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  1. CEO Hubris and Firm Pollution: State and Market Contingencies in a Transitional Economy.Lu Zhang, Shenggang Ren, Xiaohong Chen, Dayuan Li & Duanjinyu Yin - 2018 - Journal of Business Ethics 161 (2):459-478.
    This study focuses on CEO hubris and its effect on corporate unethical behaviour—pollution in particular, and in addition examines critical institutional contingencies [state ownership, political connection and industrial competition] which may moderate this effect. With data from over-polluting listed firms based on the real-time pollution monitoring system in transitional China from 2015 to 2017, we find that CEO hubris is significantly positively related to firm pollution, and that the moderating role of SO is not significant, that PC positively moderates the (...)
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  • Linguistic Markers of CEO Hubris.Vita Akstinaite, Graham Robinson & Eugene Sadler-Smith - forthcoming - Journal of Business Ethics.
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  • Hubris and Unethical Decision Making: The Tragedy of the Uncommon.Joseph McManus - 2018 - Journal of Business Ethics 149 (1):169-185.
    The research theorizes how hubris impacts ethical decision making and develops empirical evidence that earnings manipulation is more likely at firms led by CEOs influenced by hubris. The theory posits that hubris impairs moral awareness by causing decision makers to ignore external factors that otherwise drive such awareness. Additionally, these individuals apply a flawed subjective assessment of the decision they face which further impairs moral awareness. The predicted result is that hubris leads managers to invoke an amoral decision process which (...)
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  • Trust, Authentic Pride, and Moral Reasoning: A Unified Framework of Relational Governance and Emotional Self‐Regulation.Martin Spraggon & Virginia Bodolica - 2015 - Business Ethics: A European Review 24 (3):297-314.
    This conceptual article introduces behavioral perspectives into the governance arena and undertakes a psychological assessment of managerial decision making in organizations by elaborating on the treatment of trust and pride in the extant literature. While trust is conceived by governance scholars as a device for monitoring relationships with others, we argue that authentic pride, contrary to hubris, could operate as an attribute of emotional self-regulation allowing corporate leaders to govern the social behavior of their own self. Contrasting the features of (...)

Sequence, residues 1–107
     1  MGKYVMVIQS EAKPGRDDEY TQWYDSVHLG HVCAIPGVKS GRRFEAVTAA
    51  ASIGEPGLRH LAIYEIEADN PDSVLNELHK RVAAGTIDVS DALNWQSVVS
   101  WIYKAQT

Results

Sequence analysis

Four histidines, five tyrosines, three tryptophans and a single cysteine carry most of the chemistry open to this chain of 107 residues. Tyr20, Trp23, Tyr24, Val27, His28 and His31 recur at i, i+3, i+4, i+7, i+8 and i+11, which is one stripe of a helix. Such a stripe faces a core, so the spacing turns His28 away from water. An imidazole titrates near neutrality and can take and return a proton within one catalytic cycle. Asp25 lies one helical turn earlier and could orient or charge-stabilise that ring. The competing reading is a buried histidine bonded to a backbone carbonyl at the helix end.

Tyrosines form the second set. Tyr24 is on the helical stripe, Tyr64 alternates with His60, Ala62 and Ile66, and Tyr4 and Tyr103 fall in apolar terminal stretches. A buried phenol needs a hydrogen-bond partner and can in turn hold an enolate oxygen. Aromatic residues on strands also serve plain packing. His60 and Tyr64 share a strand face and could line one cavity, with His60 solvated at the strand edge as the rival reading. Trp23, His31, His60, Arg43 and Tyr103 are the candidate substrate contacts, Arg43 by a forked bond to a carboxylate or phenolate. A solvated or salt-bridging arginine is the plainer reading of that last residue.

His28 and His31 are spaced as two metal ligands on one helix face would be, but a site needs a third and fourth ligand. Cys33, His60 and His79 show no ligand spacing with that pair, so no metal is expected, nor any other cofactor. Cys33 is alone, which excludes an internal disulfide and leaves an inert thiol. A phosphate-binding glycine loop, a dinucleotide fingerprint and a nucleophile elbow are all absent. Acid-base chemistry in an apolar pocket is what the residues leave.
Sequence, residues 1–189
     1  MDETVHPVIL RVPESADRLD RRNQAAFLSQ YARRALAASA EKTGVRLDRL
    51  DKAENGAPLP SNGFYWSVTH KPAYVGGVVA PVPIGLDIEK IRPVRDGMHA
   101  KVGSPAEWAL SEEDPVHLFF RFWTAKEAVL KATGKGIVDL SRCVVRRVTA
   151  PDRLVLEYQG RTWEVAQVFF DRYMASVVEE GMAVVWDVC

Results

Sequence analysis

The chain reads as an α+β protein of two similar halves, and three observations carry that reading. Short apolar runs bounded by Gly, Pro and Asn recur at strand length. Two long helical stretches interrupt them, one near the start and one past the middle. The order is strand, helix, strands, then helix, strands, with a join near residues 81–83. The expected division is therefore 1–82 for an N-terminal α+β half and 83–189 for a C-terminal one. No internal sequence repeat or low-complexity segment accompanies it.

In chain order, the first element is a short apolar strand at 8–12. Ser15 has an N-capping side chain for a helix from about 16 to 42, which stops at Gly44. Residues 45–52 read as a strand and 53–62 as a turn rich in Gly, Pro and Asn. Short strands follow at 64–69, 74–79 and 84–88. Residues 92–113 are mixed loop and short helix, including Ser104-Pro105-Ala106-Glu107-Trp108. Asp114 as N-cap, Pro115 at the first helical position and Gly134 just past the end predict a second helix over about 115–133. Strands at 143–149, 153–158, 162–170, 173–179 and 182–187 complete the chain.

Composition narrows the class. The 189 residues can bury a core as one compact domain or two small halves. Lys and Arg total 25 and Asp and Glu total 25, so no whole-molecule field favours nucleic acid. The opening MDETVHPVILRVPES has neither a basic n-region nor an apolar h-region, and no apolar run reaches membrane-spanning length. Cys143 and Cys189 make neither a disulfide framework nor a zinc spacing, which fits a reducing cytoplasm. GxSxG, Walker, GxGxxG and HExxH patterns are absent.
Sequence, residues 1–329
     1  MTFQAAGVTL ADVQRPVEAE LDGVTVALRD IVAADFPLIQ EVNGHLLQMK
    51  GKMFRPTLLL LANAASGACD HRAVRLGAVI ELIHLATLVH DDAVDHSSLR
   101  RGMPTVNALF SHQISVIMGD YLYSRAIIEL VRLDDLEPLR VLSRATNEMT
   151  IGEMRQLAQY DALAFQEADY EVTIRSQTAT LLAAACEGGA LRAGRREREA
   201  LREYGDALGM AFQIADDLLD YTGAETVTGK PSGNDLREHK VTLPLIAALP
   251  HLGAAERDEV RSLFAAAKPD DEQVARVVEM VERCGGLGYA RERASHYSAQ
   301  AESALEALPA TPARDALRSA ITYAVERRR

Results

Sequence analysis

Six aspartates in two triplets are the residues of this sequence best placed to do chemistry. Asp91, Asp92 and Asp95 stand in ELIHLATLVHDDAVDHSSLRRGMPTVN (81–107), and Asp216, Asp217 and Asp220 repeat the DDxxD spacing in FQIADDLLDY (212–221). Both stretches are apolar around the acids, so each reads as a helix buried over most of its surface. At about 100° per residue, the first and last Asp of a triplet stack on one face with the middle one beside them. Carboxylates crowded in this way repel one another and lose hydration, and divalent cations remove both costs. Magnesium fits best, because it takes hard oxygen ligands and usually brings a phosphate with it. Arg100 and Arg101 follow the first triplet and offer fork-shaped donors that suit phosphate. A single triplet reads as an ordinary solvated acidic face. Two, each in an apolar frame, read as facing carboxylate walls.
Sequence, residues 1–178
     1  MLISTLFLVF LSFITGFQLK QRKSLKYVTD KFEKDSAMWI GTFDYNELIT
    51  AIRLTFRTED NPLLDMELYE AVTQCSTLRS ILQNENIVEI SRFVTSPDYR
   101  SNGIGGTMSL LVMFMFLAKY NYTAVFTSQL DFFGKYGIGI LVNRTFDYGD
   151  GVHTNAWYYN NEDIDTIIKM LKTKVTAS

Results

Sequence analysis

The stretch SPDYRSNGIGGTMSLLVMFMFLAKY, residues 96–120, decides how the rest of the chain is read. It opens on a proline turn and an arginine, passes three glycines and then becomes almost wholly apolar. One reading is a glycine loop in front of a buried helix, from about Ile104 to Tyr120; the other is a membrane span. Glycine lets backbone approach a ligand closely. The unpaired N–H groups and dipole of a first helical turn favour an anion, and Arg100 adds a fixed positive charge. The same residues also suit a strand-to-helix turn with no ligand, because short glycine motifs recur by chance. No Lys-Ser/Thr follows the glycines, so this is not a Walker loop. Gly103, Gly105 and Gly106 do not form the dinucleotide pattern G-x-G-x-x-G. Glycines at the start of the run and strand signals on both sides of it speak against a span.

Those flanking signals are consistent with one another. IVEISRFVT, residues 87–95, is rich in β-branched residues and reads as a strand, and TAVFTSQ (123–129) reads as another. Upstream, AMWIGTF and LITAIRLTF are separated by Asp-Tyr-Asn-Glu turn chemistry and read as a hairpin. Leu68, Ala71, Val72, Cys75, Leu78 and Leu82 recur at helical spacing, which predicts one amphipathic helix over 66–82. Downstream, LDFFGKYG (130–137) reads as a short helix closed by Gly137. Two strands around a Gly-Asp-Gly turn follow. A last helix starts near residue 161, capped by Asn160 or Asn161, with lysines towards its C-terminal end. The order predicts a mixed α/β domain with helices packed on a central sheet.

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  • Egalitarianism and Executive Compensation: A Relational Argument.Pierre-Yves Néron - 2015 - Journal of Business Ethics 132 (1):171-184.
    What, if anything, is wrong with high executive compensation? Is the common “lay reaction” of indignation and moral outrage justified? In this paper, my main goal is to articulate in a more systematic and philosophical manner the egalitarian responses to these questions. In order to do so, I suggest that we take some insights from recent debates on two versions of egalitarianism: a distributive one, according to which no one should be worse off than others because of unfair distributions of (...)
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  • CEO Hubris and Firm Performance: Exploring the Moderating Roles of CEO Power and Board Vigilance.Jong-Hun Park, Changsu Kim, Young Kyun Chang, Dong-Hyun Lee & Yun-Dal Sung - 2018 - Journal of Business Ethics 147 (4):919-933.
    This study focuses on CEO hubris and its detrimental effect on corporate financial performance along with an examination of critical corporate governance contingencies that may moderate the negative effect. From 654 observations of 164 Korean firms over the years 2001–2008, we found that CEO power exacerbated the negative effect of CEO hubris on corporate financial performance, whereas board vigilance mitigated it. This study provides empirical evidence that entrenchment problems arising from CEO hubris would be exacerbated as CEOs become more powerful, (...)
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  • Sāttvika Leadership: An Indian Model of Positive Leadership.Kumar Alok - 2017 - Journal of Business Ethics 142 (1):117-138.
    I propose a leadership theory with moral concerns at its core. Sāttvika leadership is defined as a set of purposive leader actions comprising knowledge-driven cooperation that are initiated on the basis of positive and reasonably accurate assumptions and executed through morally responsible and sustainably fruitful means to secure the flourishing of followers and the collective. SL enhances psychological capital, psychological empowerment, and work engagement of followers while developing them into morally better persons. It enhances their trust on the leader and (...)
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  • Some Antecedents and Consequences of Ethical Leadership: An Examination Using the Kings of Judah From 931 Bc to 586 Bc.W. Glenn Rowe - 2014 - Journal of Business Ethics 123 (4):557-572.